College boasts talent, diversity in prospective new class

MIDDLEBURY — Describing an especially competitive applicant pool, Middlebury College officials announced early this month that the school had offered admission to 1,700 students for the incoming Class of 2017.
The college admitted students from a pool of 9,112 applicants from 77 countries and all 50 states. It was the largest group of applicants in the college’s history.
Students will choose their college by May 1. In recent years, 23 to 28 percent of the students Middlebury College has accepted have chosen to attend the school.
“We’re in a strong position with a school as popular and selective as Middlebury’s become,” said Dean of Admissions Greg Buckles.
He added that this year’s pool stood out for its size and diversity.
“I would characterize it not as a drastic change but as part of a progression,” Buckles said. “It also represents the largest number of applicants and admits (accepted students) that are international students, students of color, and first-generation students, so we’re pleased about that.”
Applicants and their families were undeterred by a recent 2.7 increase in the college’s comprehensive fee— which includes tuition, room and board, plus a student activities charge — for the 2013-2014 academic year, raising the cost of a year at Middlebury to $57,470.
Middlebury is one of the few colleges in the country that combines ‘need-blind’ admission process along with the guarantee that it will meet the full demonstrated financial need of each student accepted, said Kim Downs-Burns, vice president for Student Financial Services at the college. About 43 percent of Middlebury’s student body receives financial aid.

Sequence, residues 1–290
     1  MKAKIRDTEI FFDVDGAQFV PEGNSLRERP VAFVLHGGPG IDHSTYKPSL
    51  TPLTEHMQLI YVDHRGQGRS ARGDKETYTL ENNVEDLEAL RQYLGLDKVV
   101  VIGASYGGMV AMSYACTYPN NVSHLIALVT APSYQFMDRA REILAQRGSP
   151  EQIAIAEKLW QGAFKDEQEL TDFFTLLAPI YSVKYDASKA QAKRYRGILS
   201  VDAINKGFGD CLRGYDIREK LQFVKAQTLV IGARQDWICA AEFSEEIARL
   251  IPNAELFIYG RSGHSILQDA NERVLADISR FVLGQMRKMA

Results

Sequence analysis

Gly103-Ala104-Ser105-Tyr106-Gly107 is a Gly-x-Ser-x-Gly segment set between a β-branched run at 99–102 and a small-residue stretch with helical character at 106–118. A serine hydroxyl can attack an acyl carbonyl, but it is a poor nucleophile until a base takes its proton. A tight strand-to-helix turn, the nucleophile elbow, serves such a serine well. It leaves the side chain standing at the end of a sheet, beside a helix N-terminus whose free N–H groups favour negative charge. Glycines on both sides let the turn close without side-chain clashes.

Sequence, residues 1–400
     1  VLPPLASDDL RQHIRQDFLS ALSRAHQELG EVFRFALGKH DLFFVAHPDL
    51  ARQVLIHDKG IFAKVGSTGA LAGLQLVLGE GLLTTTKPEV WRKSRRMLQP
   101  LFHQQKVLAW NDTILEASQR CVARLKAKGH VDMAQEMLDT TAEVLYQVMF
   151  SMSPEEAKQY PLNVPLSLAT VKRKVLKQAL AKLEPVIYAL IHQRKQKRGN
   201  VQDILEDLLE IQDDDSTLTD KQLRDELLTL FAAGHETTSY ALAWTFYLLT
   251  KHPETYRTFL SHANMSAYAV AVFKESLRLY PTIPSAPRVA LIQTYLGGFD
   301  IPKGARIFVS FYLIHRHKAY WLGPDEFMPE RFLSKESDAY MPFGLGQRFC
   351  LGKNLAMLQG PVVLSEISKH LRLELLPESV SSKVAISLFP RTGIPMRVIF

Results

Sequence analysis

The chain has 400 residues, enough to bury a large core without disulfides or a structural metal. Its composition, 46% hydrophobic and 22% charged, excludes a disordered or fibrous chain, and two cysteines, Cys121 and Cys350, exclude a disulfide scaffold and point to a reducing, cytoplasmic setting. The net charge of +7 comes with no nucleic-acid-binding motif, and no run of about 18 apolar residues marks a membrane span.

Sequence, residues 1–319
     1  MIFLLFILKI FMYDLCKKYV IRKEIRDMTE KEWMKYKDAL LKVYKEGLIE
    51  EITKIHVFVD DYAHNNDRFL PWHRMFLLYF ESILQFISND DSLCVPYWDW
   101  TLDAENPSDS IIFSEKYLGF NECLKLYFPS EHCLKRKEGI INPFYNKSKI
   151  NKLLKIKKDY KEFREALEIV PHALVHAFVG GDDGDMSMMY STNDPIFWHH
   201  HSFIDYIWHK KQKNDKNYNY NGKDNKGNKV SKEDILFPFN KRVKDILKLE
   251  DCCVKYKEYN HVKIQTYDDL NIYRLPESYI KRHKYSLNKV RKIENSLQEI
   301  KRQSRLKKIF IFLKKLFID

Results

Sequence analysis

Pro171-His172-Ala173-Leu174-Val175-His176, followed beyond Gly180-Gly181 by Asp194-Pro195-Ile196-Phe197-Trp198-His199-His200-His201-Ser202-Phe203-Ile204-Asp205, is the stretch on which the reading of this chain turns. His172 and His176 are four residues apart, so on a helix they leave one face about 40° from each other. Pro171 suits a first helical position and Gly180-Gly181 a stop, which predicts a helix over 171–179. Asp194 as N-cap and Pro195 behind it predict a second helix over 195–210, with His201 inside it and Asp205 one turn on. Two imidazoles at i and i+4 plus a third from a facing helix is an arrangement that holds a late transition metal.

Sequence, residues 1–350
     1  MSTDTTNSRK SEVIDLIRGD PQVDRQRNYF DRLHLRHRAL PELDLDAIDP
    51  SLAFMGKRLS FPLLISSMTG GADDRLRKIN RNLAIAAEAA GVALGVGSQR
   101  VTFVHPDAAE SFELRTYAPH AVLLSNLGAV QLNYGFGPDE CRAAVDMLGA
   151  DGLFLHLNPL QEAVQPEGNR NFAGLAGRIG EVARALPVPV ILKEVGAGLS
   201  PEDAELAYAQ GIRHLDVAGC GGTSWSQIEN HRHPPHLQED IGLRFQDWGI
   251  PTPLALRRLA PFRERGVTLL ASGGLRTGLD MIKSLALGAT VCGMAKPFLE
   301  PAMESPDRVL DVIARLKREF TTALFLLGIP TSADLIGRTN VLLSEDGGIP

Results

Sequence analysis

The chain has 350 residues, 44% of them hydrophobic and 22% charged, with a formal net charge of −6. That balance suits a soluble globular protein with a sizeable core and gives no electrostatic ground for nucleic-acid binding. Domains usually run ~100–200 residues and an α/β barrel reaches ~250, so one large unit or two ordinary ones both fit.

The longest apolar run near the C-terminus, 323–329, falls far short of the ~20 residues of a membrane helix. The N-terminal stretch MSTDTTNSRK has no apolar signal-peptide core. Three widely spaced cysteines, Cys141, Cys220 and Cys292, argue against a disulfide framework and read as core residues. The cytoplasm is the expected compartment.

The college also pays particular attention to Vermont students. Buckles, who estimated that Middlebury receives around 200 applications annually from around the state, said that the Middlebury Admissions Office makes it a priority to visit every high school in the state every two to three years so that all Vermont students are likely to hear about the opportunities that Middlebury offers at some point during their high school career. Around 5 percent of each incoming class comes from Vermont.
“We see some great, great students from Vermont,” Buckles said.
The Vermonters in turn help make Middlebury College what it is.
“Middlebury as a community has an incredibly strong appeal, and I think that is reflected in this class,” Buckles said. “It’s really quite remarkable to be able to attract such a wide range of candidates to a small, rural town. I think more so than a lot of places, the community of Middlebury is very attractive. The spirit and history of Vermont in the town meetings and governance, in the roots that people have here, it’s appealing to those students.” 

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